From Bancroft To BU: Advice from a Grad

Neelu Mohaghegh, Alumna

Hang on for a minute...we're trying to find some more stories you might like.

Email This Story

If there is one piece of advice I can give to any graduating high school student entering the realms of college, it is  never be afraid to explore, never settle and always immerse yourself in what it is you love to do.

My transition from Bancroft to college was one that I did not expect. I remember being so excited to leave high school world behind and enter a new life of independence and to be a part of a much larger community. In the first 3 weeks, the adventures I went on, the people I met and the lifestyle I experienced lived up to the expectations, but then one day, I realized how truly unhappy I was in the courses that I was taking. I had applied to Boston University as a pre-med student to honor the wishes of my parents–I was also unsure myself of what it is that I wanted to do with my life.

I had joined the college radio station in my first semester of school because I felt that it would be fun to continue my interests in music in some way and it was something different from the constant science courses of my day-to-day routine. Every Sunday night for two hours, I was on this show with a group of seniors who had been running the station, The College Blueprint, for 4 years. This became my home. This was where I was happiest and could be me…making playlists, interviewing artists, and critiquing/speaking music. I decided to explore those interests more so I attended concerts in the city, interviewed artists on the show, and finally took my first step into the Questrom School of Business. Walking into that building and meeting the people that I did, hustling and bustling to prove a plan they had in mind and actively engaging in conversation with someone, I knew almost immediately that this was where I was meant to be and that music industry would be the career path I would want to take.

It was not easy telling my parents that I wanted to switch majors, but I was so unhappy that I had to change. I knew I would find passion in this world if I entered it, and I most certainly did. As soon as I received the “ok” from my parents, I did not waste time— I was going to prove to myself that I was meant for this new path. I went to my advisor, rearranged my entire schedule to that of a business student for next semester and joined clubs and organizations where I could cultivate my interests. I continued with WTBU Radio, now running my own show Hotline Kings. I co-founded Boston University’s first Music Business Club with a few friends; we find local student artists, manage them, market them, and create gigs for them in order to give students aspiring to be in the music industry a hands-on approach in the field. I am a member of a Professional Business Fraternity, Delta Sigma Pi, where I formed the amazing friendships I have now and learned a lot about professionalism in the business field. Lastly, and probably most significantly, I applied to be the Editor-In-Chief of a national online publication written for the college demographic, Verge Campus. I had no experience or idea of how to be a journalist–I had never posted an article or blog post before, and I had never really thought of doing this kind of work–but I knew that they were affiliated with the music industry and I thought “Why not? Explore.” So, I did and landed the position. Since then, my world completely changed. I now manage a team of 15 interns. I am also a Press Manager and attend and cover various concerts and interview many artists. What Verge has taught me was how important it is to be happy. As simple and cliche as that is, it is the truth.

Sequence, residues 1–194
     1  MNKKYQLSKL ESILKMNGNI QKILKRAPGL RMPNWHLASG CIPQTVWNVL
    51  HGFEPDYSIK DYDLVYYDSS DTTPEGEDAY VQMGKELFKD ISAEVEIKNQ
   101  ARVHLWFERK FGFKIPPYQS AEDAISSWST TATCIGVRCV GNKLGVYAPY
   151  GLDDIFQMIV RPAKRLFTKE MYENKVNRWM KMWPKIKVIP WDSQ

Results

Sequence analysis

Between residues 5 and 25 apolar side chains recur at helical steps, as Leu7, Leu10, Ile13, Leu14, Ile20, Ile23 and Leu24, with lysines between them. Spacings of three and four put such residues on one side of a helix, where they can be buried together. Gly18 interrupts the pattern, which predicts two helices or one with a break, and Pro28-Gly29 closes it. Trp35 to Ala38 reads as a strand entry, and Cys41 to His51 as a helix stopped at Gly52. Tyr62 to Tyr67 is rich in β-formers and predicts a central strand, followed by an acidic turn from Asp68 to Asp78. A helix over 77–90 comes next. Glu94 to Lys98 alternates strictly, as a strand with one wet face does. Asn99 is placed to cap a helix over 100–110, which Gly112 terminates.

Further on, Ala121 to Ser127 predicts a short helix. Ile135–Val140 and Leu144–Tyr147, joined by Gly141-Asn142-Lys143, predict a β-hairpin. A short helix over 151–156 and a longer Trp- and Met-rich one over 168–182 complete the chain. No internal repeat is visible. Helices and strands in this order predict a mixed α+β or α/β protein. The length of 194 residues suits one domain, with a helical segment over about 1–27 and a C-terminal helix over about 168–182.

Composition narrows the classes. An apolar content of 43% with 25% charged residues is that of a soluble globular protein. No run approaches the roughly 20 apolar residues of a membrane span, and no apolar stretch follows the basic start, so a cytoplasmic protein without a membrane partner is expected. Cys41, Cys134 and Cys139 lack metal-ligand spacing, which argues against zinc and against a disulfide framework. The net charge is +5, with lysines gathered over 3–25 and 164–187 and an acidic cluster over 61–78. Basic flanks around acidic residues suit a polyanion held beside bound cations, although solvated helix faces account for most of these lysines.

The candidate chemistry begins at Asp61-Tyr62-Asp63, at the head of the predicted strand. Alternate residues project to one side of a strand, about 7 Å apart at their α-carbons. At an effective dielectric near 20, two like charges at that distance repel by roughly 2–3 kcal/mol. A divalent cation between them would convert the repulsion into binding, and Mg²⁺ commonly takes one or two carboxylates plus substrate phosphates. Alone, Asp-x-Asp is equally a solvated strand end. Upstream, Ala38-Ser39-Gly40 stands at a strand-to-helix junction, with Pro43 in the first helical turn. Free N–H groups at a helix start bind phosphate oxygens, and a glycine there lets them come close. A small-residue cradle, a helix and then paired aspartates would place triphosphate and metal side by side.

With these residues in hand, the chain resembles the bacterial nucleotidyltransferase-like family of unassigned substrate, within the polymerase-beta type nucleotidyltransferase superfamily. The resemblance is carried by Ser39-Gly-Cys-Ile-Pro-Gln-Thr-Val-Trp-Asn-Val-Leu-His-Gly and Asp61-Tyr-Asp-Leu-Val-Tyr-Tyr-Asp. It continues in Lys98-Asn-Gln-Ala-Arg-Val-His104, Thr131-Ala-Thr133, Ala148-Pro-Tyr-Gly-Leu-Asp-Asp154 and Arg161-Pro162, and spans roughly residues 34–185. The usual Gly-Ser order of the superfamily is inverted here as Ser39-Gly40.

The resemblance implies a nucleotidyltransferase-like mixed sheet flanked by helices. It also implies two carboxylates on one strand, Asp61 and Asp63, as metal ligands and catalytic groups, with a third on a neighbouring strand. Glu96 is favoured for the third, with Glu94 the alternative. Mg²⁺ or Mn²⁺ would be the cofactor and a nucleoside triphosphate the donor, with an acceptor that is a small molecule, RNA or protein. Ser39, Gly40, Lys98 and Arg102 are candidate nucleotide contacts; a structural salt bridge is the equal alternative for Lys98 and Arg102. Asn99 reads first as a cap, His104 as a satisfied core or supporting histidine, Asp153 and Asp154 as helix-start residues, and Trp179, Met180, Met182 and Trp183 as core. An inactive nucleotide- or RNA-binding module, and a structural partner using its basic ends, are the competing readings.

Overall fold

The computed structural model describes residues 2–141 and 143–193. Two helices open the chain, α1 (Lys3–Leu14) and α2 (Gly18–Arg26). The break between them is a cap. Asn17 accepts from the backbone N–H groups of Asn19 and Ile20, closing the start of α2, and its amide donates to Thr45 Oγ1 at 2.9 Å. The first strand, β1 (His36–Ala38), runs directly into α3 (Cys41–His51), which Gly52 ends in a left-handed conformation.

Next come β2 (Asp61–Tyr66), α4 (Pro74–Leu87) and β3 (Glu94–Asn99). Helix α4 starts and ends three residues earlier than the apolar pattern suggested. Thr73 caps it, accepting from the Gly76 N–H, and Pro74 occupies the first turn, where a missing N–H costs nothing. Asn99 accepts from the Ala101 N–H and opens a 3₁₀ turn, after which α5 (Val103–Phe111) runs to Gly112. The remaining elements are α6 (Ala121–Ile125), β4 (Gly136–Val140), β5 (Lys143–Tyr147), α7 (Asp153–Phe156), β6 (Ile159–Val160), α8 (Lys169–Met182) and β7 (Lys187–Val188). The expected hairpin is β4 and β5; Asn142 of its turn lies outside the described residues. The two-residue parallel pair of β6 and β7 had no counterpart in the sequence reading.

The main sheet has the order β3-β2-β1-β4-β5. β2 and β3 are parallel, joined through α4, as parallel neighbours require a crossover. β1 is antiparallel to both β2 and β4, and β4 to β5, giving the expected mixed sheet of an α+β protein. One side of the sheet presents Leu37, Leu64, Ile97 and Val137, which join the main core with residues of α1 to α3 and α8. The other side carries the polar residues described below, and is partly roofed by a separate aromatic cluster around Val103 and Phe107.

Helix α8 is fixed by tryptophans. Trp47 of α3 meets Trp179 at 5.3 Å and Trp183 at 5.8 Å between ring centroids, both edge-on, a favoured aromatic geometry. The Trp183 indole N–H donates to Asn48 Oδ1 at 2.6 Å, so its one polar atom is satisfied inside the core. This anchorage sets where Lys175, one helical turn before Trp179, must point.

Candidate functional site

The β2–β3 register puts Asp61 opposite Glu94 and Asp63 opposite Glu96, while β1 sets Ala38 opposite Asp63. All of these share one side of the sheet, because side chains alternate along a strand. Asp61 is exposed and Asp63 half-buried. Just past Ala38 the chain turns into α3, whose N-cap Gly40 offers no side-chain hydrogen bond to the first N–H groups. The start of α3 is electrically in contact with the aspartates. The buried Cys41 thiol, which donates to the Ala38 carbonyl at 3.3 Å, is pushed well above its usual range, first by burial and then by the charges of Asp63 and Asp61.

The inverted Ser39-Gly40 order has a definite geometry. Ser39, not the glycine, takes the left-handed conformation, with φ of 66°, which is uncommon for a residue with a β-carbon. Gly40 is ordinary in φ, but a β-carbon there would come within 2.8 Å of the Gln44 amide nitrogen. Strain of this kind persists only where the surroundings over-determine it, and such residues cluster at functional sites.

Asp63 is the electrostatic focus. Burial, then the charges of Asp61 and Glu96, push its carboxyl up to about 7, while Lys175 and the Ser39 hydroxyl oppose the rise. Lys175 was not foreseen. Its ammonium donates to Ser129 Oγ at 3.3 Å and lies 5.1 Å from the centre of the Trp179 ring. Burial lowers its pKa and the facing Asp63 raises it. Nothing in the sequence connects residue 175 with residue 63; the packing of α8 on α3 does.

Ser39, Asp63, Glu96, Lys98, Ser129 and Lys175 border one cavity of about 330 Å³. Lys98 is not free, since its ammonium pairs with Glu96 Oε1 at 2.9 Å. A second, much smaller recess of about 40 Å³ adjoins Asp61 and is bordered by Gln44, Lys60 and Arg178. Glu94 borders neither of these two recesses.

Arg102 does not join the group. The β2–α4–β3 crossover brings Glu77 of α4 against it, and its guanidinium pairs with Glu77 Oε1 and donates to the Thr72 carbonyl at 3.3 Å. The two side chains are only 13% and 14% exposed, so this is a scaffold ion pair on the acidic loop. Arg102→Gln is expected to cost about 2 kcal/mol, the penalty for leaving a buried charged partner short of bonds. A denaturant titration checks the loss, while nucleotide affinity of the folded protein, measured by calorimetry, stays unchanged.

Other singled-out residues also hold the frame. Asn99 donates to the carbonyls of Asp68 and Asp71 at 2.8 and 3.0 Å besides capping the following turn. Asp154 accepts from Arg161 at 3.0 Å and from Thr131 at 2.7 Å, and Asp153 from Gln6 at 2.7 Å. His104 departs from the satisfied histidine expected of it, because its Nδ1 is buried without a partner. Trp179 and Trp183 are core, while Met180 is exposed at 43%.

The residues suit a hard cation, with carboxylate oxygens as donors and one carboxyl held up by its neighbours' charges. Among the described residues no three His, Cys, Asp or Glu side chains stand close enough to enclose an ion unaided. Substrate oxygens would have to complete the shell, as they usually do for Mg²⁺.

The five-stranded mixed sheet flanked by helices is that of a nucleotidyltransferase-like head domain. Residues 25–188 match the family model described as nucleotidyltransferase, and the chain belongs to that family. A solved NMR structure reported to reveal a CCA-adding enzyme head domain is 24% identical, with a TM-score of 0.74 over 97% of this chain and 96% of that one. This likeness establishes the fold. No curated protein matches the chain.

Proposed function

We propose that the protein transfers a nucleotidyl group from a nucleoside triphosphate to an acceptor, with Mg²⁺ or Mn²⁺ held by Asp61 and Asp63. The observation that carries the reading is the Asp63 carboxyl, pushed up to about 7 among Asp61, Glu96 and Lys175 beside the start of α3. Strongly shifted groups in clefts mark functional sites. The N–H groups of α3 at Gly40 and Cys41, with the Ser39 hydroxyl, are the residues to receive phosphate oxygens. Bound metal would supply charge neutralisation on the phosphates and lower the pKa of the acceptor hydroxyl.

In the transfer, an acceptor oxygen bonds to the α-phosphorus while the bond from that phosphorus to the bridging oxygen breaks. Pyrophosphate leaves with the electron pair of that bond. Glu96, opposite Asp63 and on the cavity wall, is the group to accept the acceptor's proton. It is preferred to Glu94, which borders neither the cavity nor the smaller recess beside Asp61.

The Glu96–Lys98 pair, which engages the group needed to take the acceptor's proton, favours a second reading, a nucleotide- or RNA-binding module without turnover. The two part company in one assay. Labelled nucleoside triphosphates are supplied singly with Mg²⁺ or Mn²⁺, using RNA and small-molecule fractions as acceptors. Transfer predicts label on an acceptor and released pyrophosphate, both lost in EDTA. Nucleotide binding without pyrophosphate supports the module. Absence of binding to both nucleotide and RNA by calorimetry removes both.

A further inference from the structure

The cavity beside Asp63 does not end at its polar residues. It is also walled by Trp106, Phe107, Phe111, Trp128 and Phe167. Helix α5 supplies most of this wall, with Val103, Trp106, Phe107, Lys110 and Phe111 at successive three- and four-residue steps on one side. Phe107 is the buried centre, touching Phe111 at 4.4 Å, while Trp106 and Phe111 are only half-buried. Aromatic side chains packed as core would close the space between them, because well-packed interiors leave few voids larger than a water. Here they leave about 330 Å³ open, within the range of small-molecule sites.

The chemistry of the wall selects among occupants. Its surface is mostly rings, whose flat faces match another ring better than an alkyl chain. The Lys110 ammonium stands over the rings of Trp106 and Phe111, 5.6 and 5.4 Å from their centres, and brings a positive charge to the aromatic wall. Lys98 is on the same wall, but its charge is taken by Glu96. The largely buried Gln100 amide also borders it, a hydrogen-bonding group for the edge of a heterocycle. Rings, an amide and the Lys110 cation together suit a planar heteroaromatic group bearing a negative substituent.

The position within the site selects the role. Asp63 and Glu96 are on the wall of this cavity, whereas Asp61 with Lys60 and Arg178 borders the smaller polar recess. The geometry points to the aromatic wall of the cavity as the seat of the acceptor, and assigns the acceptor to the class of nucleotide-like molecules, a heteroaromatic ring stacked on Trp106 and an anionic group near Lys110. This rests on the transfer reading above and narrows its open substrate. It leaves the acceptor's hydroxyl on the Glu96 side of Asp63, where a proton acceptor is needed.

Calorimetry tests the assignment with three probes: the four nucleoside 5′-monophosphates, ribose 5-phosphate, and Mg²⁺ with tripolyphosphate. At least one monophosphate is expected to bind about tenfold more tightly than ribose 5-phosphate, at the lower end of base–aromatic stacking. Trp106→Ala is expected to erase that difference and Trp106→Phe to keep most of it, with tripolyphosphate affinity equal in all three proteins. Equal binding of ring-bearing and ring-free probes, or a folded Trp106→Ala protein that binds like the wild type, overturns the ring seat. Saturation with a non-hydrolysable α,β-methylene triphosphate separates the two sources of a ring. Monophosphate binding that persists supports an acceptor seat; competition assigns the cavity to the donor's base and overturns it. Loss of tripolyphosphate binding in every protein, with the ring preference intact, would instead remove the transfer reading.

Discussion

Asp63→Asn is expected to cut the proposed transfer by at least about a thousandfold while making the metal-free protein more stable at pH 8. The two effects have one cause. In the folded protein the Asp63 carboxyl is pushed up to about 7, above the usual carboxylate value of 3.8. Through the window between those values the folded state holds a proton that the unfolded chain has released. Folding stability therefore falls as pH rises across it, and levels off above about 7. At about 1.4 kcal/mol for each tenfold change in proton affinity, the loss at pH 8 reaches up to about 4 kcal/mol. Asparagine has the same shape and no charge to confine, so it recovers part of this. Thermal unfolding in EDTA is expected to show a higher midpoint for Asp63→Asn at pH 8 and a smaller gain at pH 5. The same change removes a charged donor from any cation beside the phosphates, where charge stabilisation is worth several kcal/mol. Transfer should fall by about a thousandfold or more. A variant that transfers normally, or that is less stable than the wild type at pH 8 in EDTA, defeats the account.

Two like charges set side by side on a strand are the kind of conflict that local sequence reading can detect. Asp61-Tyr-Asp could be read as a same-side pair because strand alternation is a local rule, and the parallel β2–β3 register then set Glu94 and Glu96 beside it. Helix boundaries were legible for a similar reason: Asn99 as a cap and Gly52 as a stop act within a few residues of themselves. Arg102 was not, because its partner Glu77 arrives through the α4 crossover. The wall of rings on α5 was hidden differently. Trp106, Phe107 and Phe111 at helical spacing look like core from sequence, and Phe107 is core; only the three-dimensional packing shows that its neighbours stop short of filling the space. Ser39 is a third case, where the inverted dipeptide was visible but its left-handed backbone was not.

The happiest I am is when I’m doing what I love, obviously. But a lot of people do not understand that or see what actually being “in your element” means. It is not just being good at something or liking to do it here and there, it is about being passionate about it, so much that you’d be willing to squeeze it in at any time of your day no matter how crazy busy your day is or work at it for however long is needed. Why? Because you know that it is your energy source, it is why you are here or how you plan to leave your mark in this world and make your existence real. It is what really counts at the end of the day– to you. Not anyone else– just you. So, know that no matter what happens and whatever someone says, if it feels right to you, then it is right and you will thrive in what you do best— guaranteed. What you should be doing is that activity that showcases the real you to people. I am grateful to every opportunity I have ever gotten these past few years through Verge Campus, through the radio, through my DSP family, and through my friends and family— they have been truly incredible.

So, do not be afraid to venture on in college. I can promise you will not just settle in the course you first chose because you really find yourself here, in this environment of people and life. College is one of the most, if not the most, significant part of your life, where you really get to learn and meet you. Use all of the resources you can, network with people, be true to yourself, hang out with the right crowd of friends, and I promise: you will find your element.

Just do not be afraid to explore.

Print Friendly, PDF & Email